Given the SEC’s concerns about disclosure and compliance for ICOs, it will be interesting to see the extent of disclosure required in the promised registration statements. 

SEC Halts Trading in Company Touting Crypto Offering

 The SEC suspended trading of a public company that issued press releases claiming SEC approval of its cryptocurrency products.  The company’s press releases advertised that it had partnered with an SEC qualified custodian for cryptocurrency transactions and that it was conducting an SEC-registered token offering.  The SEC’s Cyber Unit Chief warned that the SEC “does not endorse or qualify custodians for cryptocurrency.”

Back in January, the SEC raised several regulatory questions around ICO offerings and notified the industry that it would not approve crypto-offerings until the issues were adequately addressed.  Any efforts to suggest otherwise will draw the attention of the Enforcement Division’s Crypto Unit.

CCS’s Scavetti Reports on IAA Compliance Conference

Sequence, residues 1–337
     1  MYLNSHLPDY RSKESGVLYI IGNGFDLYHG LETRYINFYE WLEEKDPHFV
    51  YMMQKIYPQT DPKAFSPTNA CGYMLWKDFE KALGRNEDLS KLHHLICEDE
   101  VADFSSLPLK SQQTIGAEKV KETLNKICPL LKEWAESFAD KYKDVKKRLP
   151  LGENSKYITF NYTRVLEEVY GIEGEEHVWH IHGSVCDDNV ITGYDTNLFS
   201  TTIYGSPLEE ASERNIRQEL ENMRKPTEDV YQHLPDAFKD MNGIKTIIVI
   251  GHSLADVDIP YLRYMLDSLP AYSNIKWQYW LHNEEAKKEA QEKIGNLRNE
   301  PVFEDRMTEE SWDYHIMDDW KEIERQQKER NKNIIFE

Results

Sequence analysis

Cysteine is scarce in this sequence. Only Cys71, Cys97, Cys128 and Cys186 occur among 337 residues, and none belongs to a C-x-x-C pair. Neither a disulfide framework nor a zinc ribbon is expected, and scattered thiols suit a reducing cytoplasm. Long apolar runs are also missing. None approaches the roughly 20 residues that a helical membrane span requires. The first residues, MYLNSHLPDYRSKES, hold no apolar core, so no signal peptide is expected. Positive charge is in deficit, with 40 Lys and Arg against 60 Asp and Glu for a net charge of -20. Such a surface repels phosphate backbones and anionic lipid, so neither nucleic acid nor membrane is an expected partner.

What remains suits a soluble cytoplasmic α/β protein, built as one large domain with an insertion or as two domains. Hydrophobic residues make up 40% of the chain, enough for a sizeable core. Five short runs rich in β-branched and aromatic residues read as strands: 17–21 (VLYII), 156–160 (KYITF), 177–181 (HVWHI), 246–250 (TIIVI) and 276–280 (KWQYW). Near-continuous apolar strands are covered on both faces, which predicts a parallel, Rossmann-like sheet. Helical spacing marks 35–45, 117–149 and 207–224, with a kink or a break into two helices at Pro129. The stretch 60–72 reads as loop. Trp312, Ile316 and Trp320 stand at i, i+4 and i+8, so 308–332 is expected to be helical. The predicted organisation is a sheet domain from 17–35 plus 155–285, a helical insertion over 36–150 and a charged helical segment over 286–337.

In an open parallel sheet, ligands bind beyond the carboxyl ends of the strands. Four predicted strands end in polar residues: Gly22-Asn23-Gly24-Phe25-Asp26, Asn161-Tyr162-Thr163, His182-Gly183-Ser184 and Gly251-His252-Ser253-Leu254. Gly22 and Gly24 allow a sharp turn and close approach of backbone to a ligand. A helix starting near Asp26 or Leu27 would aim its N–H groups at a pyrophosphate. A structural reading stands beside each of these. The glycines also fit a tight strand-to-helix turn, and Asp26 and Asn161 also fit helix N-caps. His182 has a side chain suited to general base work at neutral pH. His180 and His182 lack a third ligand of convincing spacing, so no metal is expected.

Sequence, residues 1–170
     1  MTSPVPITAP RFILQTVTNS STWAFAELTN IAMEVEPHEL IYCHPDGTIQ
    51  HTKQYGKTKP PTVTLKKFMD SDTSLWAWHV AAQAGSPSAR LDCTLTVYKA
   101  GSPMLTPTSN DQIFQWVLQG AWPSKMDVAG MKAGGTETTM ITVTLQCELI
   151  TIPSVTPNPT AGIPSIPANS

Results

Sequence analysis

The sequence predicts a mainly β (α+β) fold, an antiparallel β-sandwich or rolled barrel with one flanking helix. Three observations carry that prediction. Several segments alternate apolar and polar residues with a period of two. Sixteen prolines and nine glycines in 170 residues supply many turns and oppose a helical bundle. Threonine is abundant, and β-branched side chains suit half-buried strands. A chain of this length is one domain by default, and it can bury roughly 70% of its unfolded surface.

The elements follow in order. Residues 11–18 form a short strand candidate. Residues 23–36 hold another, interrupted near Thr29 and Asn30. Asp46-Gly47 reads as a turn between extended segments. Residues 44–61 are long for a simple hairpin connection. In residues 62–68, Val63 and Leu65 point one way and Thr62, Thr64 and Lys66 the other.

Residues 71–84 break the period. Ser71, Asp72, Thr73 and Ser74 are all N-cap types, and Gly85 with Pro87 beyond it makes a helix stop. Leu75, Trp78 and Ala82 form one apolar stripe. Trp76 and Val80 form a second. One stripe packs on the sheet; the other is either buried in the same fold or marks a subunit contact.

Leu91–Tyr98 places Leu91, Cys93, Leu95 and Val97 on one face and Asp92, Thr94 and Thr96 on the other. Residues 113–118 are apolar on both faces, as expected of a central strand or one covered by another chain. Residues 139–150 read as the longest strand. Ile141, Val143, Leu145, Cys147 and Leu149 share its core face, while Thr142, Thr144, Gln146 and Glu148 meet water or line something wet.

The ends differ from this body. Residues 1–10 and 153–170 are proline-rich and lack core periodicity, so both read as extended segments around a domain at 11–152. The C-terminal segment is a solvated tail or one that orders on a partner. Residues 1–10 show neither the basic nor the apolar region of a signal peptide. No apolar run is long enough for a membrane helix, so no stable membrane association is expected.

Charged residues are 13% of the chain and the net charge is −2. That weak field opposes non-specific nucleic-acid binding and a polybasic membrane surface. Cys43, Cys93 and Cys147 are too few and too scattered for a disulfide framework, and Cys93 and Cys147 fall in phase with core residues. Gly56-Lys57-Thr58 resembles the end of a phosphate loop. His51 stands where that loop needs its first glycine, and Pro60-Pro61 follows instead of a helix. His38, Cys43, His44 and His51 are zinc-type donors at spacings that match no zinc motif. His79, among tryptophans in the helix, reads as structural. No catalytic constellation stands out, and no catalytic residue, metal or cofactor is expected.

Joe Scavetti of Cipperman Compliance Services recently attended the Investment Adviser Association Compliance Conference in Washington.  The conference brings together senior regulatory officials and compliance professionals to address cutting-edge regulatory issues.  Linked below is a more detailed summary of the meeting prepared by Joe, who would be happy to discuss with you in more detail.  SEC Commissioner Hester Peirce, the conference headliner, spoke at length about the SEC’s regulatory agenda including the prospect of an SEC conduct rule.  SEC officials Peter Driscoll, Director of OCIE, and Stephanie Avakian, Co-Director of Division of Enforcement, also participated, offering their views on examination and enforcement priorities.  Over the course of 2 days, several panels addressed issues such as mutual funds, cybersecurity, vendor management, advertising, Form ADV, custody, and SEC exams.

IAA Compliance Conference Report 2018

Top 5 Regulatory Alerts – February-March 2018


Here are our Top 5 Regulatory Alerts for February-March 2018, ranked by significance.  We have also included the Top 5 most read Alerts.


Top 5 Regulatory Alerts – February-March 2018



Most Read – February-March 2018